being a Coloradan and saw this:


Walther leaving S.F. Symphony
- Joshua Kosman, Chronicle Music Critic
Tuesday, January 4, 2005

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Geraldine Walther, the San Francisco Symphony's principal violist and one of the orchestra's most valuable and beloved members for nearly 30 years, will leave the Symphony in August to join the Takács Quartet. Although she is taking a year's leave of absence, Walther said she expects the career change to be a permanent one.

"The door is open to coming back, but I'm planning on becoming a permanent member and doing this for many, many years," she said in a jubilant phone interview Monday. "I'm really happy about this."

In joining the Takács, Walther will hook up with one of the world's leading chamber ensembles, renowned especially for its interpretations of the Beethoven and Bartók string quartets. The quartet, founded in Budapest in 1975, is now in residence at the University of Boulder in Colorado.

For Walther, 54, the move will mean a radical change from the life of an orchestral musician.

"I've been playing the orchestral repertoire for 29 years," she said, "and I've gotten to explore all the concertos. Now I'll get to play the Beethoven and Bartók quartets and to learn them with one of the best quartets in the world -- I'm so lucky I can't believe it. I have to pinch myself.

"Playing with them is like hopping on a train and it goes around this corner and that corner and you just hang on for the ride."

Walther will replace Roger Tapping, who is leaving the ensemble after 10 years to relocate to the Boston area with his wife, cellist Natasha Brofsky.

The quartet began scouting for a replacement last summer, and Walther was one of nine candidates on a list that was soon narrowed to three finalists. What won the group over, according to first violinist Edward Dusinberre, was Walther's "warm and expressive" musical personality.

"There's a type of openness about her that draws the audience in and that's nice to play with. She's a marvelous instrumentalist and her enthusiasm is very striking.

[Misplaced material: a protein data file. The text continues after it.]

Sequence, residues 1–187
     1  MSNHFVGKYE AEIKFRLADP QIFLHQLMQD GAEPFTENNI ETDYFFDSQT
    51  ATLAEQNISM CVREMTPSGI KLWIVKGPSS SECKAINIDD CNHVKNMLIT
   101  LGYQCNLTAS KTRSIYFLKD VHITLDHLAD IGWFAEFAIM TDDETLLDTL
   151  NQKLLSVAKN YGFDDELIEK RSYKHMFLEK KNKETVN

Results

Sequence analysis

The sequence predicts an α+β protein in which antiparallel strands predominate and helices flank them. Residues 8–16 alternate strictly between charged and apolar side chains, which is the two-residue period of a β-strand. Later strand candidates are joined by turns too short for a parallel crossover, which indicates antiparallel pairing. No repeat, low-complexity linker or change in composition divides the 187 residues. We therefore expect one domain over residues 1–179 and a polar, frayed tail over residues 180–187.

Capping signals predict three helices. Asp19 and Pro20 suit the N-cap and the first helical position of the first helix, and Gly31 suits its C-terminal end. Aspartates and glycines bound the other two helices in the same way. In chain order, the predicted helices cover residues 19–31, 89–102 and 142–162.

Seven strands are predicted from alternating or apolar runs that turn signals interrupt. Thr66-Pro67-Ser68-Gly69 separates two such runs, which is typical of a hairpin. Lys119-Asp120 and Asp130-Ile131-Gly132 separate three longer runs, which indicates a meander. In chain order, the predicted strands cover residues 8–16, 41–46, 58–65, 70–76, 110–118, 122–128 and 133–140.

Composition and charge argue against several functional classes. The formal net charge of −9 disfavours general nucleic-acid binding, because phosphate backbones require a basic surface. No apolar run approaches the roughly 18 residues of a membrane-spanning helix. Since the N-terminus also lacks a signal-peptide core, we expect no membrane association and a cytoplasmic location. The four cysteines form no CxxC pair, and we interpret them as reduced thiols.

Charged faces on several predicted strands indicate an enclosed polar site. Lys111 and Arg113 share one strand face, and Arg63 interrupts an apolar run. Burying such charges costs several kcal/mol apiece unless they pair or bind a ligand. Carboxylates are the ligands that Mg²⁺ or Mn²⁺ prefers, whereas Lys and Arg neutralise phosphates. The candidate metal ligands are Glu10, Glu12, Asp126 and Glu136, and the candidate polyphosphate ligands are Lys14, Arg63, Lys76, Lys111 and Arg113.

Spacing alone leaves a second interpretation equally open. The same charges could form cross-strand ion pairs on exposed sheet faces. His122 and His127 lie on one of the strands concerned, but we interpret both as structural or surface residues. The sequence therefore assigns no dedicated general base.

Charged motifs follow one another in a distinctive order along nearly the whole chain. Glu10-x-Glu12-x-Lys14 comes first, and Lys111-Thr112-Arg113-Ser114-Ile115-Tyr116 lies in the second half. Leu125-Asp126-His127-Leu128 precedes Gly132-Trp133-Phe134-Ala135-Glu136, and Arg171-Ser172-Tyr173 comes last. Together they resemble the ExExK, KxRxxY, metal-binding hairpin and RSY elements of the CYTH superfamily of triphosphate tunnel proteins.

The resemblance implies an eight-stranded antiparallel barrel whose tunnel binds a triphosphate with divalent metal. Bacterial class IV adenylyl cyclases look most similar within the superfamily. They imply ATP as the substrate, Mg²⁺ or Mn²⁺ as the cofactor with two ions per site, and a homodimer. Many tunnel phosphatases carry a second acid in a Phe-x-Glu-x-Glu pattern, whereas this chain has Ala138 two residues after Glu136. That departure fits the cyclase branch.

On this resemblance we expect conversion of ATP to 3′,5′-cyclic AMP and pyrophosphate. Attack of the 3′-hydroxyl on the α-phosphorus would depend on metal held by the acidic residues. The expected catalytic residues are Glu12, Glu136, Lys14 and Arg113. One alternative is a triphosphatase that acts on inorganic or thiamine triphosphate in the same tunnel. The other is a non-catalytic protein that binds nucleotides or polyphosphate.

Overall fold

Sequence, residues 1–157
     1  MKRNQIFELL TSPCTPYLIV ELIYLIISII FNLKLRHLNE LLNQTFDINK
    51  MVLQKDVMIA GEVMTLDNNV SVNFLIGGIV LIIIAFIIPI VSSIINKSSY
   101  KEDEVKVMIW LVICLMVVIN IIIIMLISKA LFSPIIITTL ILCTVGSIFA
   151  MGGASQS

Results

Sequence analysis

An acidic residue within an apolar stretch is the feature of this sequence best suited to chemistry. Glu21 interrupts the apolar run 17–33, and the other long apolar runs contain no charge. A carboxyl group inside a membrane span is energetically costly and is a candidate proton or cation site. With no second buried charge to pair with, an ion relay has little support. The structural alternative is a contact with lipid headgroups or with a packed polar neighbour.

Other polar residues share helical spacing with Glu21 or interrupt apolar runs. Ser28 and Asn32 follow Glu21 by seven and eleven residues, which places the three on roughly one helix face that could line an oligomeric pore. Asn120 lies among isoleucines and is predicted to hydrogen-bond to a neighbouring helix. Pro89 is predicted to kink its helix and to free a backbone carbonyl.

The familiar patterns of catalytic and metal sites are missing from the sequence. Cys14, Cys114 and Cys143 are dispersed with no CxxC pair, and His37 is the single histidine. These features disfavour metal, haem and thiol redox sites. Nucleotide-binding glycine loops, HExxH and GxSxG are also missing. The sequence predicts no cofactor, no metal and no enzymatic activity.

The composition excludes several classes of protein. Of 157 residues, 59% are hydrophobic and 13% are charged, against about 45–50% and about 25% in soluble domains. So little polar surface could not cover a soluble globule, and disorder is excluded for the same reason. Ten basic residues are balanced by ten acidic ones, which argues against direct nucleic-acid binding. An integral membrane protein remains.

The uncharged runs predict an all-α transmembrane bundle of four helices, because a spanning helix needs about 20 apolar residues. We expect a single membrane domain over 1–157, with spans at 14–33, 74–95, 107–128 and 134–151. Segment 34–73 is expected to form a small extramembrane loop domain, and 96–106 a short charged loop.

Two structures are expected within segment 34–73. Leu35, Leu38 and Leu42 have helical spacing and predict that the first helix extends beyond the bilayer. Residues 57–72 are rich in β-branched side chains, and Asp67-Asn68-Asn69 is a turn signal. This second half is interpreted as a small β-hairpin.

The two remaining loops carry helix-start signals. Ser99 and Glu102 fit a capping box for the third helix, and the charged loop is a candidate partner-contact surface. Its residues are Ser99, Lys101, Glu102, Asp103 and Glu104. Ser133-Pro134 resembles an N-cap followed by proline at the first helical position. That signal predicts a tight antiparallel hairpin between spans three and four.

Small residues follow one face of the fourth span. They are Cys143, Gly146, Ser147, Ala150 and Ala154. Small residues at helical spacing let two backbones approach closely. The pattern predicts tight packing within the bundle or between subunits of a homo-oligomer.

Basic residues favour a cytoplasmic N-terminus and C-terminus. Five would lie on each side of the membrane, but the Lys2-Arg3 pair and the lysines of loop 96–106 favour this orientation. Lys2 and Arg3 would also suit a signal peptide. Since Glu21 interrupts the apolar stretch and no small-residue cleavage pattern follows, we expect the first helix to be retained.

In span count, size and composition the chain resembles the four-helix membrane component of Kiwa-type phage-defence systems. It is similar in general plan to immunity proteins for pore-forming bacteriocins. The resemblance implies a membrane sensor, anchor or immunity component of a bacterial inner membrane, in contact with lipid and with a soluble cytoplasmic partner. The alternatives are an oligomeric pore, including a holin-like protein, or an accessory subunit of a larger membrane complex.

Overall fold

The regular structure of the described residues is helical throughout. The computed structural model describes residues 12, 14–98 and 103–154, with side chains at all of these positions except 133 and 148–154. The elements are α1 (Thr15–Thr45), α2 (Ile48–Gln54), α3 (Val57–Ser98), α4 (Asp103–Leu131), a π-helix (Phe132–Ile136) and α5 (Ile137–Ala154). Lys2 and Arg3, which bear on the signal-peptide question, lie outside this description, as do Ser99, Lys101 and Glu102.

"Also, she's got a delightful, wacky sense of humor, and sense of humor is one of the most important things in a quartet. We spend a lot of time together, and there's a danger when you do the same thing for a long time of taking yourself too seriously."

The Takács will release the third and final installment of its complete Beethoven recording cycle on Decca next week. On Feb. 6, the group -- which has been a frequent visitor to the Bay Area and tours four to five months out of the year -- begins a two-year cycle of Beethoven recitals at Cal Performances in Berkeley.

Since joining the Symphony in 1976, Walther has been one of its most important players, celebrated for her inviting robust string tone, her flawless technique and the depth and radiance of her interpretations.

In frequent solo appearances with the orchestra she has displayed an exploratory spirit, going beyond the standard viola concertos of Walton, Bartók and Hindemith to play lesser-known works by Walter Piston, Thea Musgrave, Alfred Schnittke and Krzysztof Penderecki. She also gave the U.S. premieres of music by Michael Tippett, Toru Takemitsu, Peter Lieberson and George Benjamin.

"It's a real feather in her cap to win a position like this," said the Symphony's executive director, Brent Assink. "Of course, we hope she comes back, and we will be staying in touch with her. But it's an extraordinary personal and professional growth opportunity for her."

"I'm going to miss the people in the orchestra so much," Walther said. "The men and women in the San Francisco Symphony are the best musicians in the world.

"I would never have left this job for another orchestra job, because there isn't a better one. I'm leaving a fabulous job, but I'm going to a fabulous job, so it's OK."

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